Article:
Fingerprints
Palm prints
Date:
ca. 1947-1949
Scope and Contents:
Includes finger prints and palm prints identified by person and group; tabular documents prepared in analyzing the prints; and correspondence with Harold Cummins. The material is for Kanjobal speakers (Soloma), Quiche speakers (mostly Santa Clara la Laguna), Mam, and Cakchiquel (Patzun).
Local Numbers:
NAA MS 7357
Topic:
Physical anthropology -- dermatoglyphics  Search this
Genre/Form:
Letters
Tables (documents)
Fingerprints
Palm prints
Citation:
Manuscript 7357, National Anthropological Archives, Smithsonian Institution
Identifier:
NAA.MS7357
Archival Repository:
National Anthropological Archives
GUID:
https://n2t.net/ark:/65665/nw35255da63-1038-4aeb-b6f7-49cd27a51c47
EDAN-URL:
ead_collection:sova-naa-ms7357

Finger prints, palms and soles : an introduction to dermatoglyphics / by Harold Cummins and Charles Midlo

Title:
Introduction to dermatoglyphics
Dermatoglyphics
Fingerprints, palms and soles
Author:
Cummins, Harold 1893-1976  Search this
Midlo, Charles 1901- .-  Search this
Physical description:
xi, 319 p. : ill. ; 22 cm
Type:
Books
Date:
1961
C1961
Topic:
Dermatoglyphics  Search this
Fingerprints  Search this
Palmprints  Search this
Data Source:
Smithsonian Libraries
EDAN-URL:
edanmdm:siris_sil_796941

Dermatoglyphics news bulletin

Author:
Instituto Bernardino de Sahagún  Search this
Consejo Superior de Investigaciones Científicas (Spain)  Search this
International Conferences on Dermatoglyphics  Search this
Physical description:
v. ; 27 cm
Type:
Periodicals
Date:
1965
1965-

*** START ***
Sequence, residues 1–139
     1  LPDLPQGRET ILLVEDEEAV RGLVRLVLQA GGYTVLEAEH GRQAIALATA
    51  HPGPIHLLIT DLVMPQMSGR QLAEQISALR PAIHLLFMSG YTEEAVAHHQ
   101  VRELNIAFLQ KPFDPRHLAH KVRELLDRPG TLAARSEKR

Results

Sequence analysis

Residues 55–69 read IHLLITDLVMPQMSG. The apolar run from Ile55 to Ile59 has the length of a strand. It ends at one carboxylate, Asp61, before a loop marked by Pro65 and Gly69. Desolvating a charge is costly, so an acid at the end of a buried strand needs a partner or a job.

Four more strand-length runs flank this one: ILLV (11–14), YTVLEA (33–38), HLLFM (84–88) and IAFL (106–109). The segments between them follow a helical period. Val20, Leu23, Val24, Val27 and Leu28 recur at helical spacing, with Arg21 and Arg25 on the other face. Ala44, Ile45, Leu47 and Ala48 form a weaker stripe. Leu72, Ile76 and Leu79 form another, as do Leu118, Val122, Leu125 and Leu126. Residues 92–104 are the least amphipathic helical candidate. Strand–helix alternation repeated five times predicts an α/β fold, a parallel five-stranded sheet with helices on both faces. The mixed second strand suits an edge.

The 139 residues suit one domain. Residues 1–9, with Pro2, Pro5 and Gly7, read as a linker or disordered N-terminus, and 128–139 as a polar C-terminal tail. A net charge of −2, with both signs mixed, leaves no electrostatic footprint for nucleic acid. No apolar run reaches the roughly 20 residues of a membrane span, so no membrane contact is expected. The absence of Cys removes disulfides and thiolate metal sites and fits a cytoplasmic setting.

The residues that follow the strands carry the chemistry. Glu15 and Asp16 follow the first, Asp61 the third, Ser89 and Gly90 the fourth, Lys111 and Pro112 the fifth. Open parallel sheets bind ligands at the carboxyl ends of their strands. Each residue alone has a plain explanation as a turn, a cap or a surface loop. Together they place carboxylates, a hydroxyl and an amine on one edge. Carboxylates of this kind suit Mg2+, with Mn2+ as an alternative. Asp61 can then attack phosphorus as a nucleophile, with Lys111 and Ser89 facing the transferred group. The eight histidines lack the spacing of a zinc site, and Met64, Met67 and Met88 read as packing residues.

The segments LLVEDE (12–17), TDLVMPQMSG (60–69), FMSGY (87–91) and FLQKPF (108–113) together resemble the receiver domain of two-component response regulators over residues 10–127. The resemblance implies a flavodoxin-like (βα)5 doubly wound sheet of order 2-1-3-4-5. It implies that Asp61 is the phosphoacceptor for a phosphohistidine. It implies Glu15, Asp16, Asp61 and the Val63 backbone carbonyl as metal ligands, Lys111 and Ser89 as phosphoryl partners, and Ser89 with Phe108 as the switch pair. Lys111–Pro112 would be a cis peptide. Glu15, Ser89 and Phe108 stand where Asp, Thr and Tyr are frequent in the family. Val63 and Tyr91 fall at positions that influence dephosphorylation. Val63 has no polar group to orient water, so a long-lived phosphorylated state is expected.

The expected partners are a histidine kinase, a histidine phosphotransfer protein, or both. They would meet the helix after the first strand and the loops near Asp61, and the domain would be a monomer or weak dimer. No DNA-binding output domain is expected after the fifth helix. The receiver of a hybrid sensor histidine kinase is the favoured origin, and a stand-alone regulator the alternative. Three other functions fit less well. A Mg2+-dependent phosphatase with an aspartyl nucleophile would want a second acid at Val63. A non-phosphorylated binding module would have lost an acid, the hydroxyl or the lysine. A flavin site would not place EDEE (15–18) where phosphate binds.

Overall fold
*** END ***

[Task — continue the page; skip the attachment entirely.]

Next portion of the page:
Topic:
Dermatoglyphics  Search this
Call number:
QL941 .D47
Data Source:
Smithsonian Libraries
EDAN-URL:
edanmdm:siris_sil_834931

Multivariate approaches to dermatoglyphic variation in man

Author:
Jantz, Richard L  Search this
American Association of Physical Anthropologists  Search this
Physical description:
[34] leaves, 3 leaves of plates ; 28 cm
Type:
Books
Date:
1975
1975]
Topic:
Dermatoglyphics  Search this
Multivariate analysis  Search this
Call number:
QL941 .J35
QL941.J35
Data Source:
Smithsonian Libraries
EDAN-URL:
edanmdm:siris_sil_75115

Finger prints, palms and soles, an introduction to dermatoglyphics, by Harold Cummins and Charles Midlo

Author:
Cummins, Harold 1893-1976  Search this
Midlo, Charles 1901-  Search this
Physical description:
xi, 309 p. front., illus.(incl. ports.) diagrs. 24 cm
Type:
Books
Date:
1943
[c1943]
Topic:
Dermatoglyphics  Search this
Fingerprints  Search this
Call number:
QL941 .C97
QL941.C97
Data Source:
Smithsonian Libraries
EDAN-URL:
edanmdm:siris_sil_86408

The genetics of dermal ridges, by Sarah B. Holt, with an introd. by L.S. Penrose

Author:
Holt, Sarah B  Search this
Physical description:
xvii, 195 p. illus., port. 25 cm
Type:
Books
Date:
1968
[1968]
Topic:
Dermatoglyphics--Genetic aspects  Search this
Call number:
QM484.H65X 1968
Data Source:
Smithsonian Libraries
EDAN-URL:
edanmdm:siris_sil_320982